Lip Ties and Tongue Ties in Babies
Sometimes babies are born with a lip tie or tongue tie which limits the movement of the upper lip or restricts movement of the tongue.
Lip tie occurs when there are abnormalities with the small piece of tissue (known as the frenulum) that connects an infant’s lip to their gums. If the frenulum is too large or too tight, it can restrict the movement of the upper lip.
Tongue tie occurs when there is an unusually short, thick or tight band of tissue (known as the lingual frenulum) present that tethers the bottom of the tongue’s tip to the floor of the mouth.
Some common symptoms of lip tie and/or tongue tie can include:
- struggling to latch on to the breast or feed from a bottle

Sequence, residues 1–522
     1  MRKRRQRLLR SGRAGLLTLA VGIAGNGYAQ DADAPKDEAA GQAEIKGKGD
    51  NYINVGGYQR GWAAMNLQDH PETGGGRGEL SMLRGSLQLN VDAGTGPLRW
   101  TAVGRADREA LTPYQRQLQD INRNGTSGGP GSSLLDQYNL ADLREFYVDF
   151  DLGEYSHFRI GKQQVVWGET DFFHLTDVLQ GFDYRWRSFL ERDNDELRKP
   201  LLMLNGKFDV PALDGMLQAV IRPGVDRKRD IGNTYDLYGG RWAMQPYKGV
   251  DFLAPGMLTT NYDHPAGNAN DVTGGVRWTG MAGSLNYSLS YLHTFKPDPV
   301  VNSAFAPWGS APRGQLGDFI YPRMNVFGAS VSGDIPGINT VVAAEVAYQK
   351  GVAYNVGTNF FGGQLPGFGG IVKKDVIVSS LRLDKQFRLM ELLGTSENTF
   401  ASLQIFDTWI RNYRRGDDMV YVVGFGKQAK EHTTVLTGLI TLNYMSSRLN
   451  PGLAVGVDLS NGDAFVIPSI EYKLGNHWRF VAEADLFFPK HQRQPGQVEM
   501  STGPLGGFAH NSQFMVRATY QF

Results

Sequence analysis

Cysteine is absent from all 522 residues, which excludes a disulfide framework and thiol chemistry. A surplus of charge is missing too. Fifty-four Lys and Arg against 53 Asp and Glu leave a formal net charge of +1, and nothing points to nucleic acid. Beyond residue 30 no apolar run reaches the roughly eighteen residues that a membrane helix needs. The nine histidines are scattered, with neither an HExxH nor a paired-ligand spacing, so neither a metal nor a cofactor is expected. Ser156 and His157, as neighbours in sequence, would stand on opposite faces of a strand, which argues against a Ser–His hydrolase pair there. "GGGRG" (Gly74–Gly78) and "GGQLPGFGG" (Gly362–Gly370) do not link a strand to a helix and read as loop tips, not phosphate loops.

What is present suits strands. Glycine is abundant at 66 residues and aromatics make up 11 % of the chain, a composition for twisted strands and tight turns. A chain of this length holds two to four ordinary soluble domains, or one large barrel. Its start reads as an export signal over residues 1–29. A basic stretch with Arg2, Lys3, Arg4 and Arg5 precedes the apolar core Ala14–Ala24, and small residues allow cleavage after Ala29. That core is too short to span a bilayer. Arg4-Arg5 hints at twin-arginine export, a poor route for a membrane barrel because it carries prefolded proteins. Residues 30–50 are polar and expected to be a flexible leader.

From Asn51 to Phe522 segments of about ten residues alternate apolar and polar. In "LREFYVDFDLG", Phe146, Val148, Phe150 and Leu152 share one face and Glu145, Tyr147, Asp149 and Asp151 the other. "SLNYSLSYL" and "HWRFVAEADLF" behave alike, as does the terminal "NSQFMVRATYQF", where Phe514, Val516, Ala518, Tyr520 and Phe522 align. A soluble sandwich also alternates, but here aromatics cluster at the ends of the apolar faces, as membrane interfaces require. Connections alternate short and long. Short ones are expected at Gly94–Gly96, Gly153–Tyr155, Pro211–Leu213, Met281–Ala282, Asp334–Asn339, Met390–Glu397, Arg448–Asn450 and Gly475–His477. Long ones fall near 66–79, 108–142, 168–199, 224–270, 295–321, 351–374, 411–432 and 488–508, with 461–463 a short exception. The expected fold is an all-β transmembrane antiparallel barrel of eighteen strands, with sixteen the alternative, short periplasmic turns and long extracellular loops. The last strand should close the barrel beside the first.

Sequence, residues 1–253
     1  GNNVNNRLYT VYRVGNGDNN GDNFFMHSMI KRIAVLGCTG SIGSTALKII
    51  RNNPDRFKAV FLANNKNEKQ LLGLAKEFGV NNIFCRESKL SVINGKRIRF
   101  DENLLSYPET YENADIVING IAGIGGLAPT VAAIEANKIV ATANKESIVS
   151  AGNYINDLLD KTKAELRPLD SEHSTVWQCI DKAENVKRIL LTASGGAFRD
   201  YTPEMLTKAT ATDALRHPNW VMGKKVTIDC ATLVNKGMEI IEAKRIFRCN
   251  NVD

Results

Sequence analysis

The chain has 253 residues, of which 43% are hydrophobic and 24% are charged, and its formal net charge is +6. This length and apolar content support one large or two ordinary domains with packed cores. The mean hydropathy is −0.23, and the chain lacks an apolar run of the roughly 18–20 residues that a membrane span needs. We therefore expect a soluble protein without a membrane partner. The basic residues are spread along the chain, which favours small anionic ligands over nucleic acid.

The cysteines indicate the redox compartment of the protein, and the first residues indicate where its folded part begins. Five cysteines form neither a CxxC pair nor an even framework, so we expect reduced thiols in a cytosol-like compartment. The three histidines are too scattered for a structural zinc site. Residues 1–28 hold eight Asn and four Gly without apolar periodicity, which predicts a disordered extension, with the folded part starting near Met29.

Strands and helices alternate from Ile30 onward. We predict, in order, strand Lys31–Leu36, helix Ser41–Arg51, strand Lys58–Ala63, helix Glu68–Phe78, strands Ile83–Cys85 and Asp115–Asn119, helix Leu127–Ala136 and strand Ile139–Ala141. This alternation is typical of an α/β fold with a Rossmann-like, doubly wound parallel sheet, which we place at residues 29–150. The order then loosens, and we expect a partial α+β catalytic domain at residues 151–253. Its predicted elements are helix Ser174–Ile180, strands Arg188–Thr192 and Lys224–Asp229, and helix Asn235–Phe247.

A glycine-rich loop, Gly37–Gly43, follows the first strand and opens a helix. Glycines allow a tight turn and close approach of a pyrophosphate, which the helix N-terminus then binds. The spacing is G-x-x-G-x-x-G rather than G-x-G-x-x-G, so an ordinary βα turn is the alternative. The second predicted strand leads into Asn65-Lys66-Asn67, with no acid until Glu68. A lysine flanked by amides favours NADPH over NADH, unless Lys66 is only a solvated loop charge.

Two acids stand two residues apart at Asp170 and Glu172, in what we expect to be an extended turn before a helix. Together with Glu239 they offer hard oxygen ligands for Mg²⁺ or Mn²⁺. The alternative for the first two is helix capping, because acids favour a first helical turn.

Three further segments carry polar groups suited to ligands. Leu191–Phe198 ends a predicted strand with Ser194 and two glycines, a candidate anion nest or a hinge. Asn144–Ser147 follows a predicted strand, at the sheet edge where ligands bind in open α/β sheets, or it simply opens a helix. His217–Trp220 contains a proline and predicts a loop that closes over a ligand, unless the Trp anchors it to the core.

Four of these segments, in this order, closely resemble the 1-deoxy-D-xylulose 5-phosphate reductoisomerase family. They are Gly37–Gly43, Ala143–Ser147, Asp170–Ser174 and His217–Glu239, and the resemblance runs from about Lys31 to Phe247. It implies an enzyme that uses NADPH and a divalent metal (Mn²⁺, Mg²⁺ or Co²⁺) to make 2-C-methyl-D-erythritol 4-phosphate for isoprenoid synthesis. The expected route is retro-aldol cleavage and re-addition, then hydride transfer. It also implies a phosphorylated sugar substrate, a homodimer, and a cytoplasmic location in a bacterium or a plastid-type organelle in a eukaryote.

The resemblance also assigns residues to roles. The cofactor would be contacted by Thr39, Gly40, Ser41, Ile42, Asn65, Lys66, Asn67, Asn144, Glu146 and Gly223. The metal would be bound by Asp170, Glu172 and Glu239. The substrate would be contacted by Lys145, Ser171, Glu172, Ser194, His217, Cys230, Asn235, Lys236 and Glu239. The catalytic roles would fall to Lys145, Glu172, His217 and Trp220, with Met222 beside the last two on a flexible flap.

- difficulty breathing during nursing or feeding
- making a clicking sound while nursing
- a heart-shaped or notched tongue
Depending on the severity of the lip tie or tongue tie, babies may exhibit different symptoms, or none at all. Treatment might not be essential for those who have minimal or no symptoms. Treatment can help if the condition is more serious.
The good news is that it can be fixed quickly and rather painlessly. Snipping the frenulum has been incredibly successful in pediatric dentistry. This process is simple and quick.
If your infant is having trouble latching and feeding, bring them in for a gentle examination to determine whether they are lip tied or tongue tied. Call today!